The Complete Guide to Body Language
People will take you more seriously if you stand tall, which conveys confidence and status. You don’t need to be physically long and lean, but take care to stand erect and keep your shoulders back. It will make you seem taller and more sure of yourself.
When talking to someone, make eye contact in order to establish your trustworthiness, sincerity and confidence—but only hold their gaze directly for a few seconds at a time, which is as long as is comfortable for most people. The only exception? When you enter a room and want to make an impression. In that case, hold each onlooker’s gaze for a beat longer than is comfortable, then look away. This move conveys that you’re confident and interested in meeting others. When you’re speaking to a group of people, switch your gaze from one person to another every so often.
When in a casual conversation, crossing your arms may seem natural, but it actually indicates that you’re feeling defensive or guarded. Instead, slightly lean into someone to convey interest. Try to keep your arms open and relaxed at your sides—or in your lap or on an armrest if at a job interview. Feel free to occasionally illustrate your points using gestures. Resist the urge to fuss with your hair, fiddle with your jewelry or crack your knuckles, all of which are distracting and can make you seem nervous.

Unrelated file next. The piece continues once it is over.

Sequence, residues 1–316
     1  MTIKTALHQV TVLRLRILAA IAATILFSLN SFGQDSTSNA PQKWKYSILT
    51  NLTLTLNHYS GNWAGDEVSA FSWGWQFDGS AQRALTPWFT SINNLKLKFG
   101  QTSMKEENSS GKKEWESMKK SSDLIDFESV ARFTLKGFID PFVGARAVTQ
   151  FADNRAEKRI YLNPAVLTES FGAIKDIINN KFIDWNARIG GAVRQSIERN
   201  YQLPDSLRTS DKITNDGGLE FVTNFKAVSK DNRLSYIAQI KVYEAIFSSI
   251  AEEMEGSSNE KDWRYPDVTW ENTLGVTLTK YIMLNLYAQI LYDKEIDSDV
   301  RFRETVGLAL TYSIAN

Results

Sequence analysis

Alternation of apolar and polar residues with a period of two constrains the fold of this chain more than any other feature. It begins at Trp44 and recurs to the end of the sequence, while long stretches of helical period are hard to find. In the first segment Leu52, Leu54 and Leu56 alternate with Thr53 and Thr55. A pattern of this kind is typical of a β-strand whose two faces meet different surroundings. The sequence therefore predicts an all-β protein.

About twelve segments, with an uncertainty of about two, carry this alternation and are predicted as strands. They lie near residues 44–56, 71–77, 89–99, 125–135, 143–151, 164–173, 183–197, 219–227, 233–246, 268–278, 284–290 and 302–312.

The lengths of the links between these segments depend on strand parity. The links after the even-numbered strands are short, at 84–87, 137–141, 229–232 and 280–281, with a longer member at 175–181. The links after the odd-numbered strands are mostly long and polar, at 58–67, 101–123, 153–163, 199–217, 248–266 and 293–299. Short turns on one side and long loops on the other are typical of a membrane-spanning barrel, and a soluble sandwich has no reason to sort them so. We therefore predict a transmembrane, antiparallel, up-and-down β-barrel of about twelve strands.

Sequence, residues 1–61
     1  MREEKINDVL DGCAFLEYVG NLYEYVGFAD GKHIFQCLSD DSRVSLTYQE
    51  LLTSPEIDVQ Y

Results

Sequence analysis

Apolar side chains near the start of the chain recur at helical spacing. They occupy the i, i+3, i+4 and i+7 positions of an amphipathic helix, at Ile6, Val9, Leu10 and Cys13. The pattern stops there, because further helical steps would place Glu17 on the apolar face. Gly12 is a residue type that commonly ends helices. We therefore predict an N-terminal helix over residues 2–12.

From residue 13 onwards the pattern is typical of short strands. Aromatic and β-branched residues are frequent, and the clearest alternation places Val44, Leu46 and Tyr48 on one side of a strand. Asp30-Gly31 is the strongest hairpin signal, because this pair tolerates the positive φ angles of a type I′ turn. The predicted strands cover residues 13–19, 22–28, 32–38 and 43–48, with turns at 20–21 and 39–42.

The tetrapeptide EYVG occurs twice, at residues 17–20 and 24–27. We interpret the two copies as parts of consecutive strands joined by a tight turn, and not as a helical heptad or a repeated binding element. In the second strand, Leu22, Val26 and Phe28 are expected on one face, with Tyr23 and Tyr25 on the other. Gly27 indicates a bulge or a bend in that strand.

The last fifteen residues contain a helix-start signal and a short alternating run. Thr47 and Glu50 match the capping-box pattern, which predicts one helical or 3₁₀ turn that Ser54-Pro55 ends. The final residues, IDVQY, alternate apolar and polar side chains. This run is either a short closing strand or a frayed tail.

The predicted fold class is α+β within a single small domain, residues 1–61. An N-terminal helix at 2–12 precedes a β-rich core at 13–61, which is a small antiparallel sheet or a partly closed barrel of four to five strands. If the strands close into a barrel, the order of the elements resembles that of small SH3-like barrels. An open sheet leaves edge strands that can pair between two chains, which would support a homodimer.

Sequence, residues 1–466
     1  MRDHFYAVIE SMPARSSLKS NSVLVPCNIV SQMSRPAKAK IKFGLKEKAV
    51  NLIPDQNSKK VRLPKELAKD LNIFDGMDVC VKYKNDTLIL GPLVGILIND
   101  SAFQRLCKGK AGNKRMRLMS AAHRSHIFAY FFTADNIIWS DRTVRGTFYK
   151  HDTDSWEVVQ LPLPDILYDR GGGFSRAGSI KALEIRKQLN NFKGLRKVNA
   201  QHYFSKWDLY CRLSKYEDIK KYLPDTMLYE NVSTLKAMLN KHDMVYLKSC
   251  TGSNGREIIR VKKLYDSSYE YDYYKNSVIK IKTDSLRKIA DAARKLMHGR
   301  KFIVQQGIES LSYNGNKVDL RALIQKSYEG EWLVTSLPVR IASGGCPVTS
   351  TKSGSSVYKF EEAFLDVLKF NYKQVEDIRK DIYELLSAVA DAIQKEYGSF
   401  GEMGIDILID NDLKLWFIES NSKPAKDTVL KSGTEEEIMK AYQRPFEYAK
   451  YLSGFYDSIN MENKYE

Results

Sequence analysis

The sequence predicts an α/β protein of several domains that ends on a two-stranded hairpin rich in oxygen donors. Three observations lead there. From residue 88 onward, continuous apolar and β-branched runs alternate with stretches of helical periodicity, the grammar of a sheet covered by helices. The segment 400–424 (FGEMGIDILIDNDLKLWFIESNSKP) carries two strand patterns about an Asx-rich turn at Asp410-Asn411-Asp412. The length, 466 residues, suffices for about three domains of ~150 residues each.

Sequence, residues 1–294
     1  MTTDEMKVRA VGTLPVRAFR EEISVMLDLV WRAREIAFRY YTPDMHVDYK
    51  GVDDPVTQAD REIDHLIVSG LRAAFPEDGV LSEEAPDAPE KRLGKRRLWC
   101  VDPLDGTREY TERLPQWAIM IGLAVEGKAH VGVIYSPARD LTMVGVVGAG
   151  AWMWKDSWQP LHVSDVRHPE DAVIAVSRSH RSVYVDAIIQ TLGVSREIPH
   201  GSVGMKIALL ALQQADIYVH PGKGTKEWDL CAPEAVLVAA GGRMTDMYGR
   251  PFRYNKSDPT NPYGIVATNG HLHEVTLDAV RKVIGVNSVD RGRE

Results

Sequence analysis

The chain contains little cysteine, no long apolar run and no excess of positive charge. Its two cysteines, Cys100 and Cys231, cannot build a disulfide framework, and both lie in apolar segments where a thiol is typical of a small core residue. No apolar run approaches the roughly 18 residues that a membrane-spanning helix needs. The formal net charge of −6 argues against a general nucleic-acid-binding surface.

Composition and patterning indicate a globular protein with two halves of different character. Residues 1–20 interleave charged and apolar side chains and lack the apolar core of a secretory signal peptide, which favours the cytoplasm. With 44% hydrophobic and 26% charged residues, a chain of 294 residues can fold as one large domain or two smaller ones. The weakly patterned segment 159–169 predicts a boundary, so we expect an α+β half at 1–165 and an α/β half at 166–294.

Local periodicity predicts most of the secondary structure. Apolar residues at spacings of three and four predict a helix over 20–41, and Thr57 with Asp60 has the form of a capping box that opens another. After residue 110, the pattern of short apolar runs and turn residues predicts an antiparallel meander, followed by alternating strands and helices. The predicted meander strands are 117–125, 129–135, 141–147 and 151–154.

Being the first to reach out for a handshake shows that you are confident and unafraid to take the initiative. You shouldn’t let your fingers go limp, but the goal is not to break the other person’s bones, either. A firm grasp conveys your strength without coming off as overbearing. Limit yourself to one or two up-and-down shakes, then let go.
Don’t invade anyone’s personal space, which makes people feel uneasy and unwilling to stay and listen to you. Face the person directly, keeping about an arm’s length apart, and bridge the connection with eye contact.
When standing, you should avoid crossing your legs, an awkward position that suggests that you feel uncertain and guarded (or that you need a bathroom break). However, sitting with crossed legs is one of the most common positions in many cultures, and if you’re wearing a skirt, it’s recommended. Just don’t cross the arms at the same time: Sitting with both crossed arms and legs signifies that you have withdrawn from the conversation.
If you’re standing still, keep your feet planted slightly apart to convey a sense of confidence. (But keep them narrower than hip-width to avoid shifting your weight from foot to foot frequently, which indicates discomfort or disinterest.) When you’re walking, slow down your pace to seem calmer and more collected.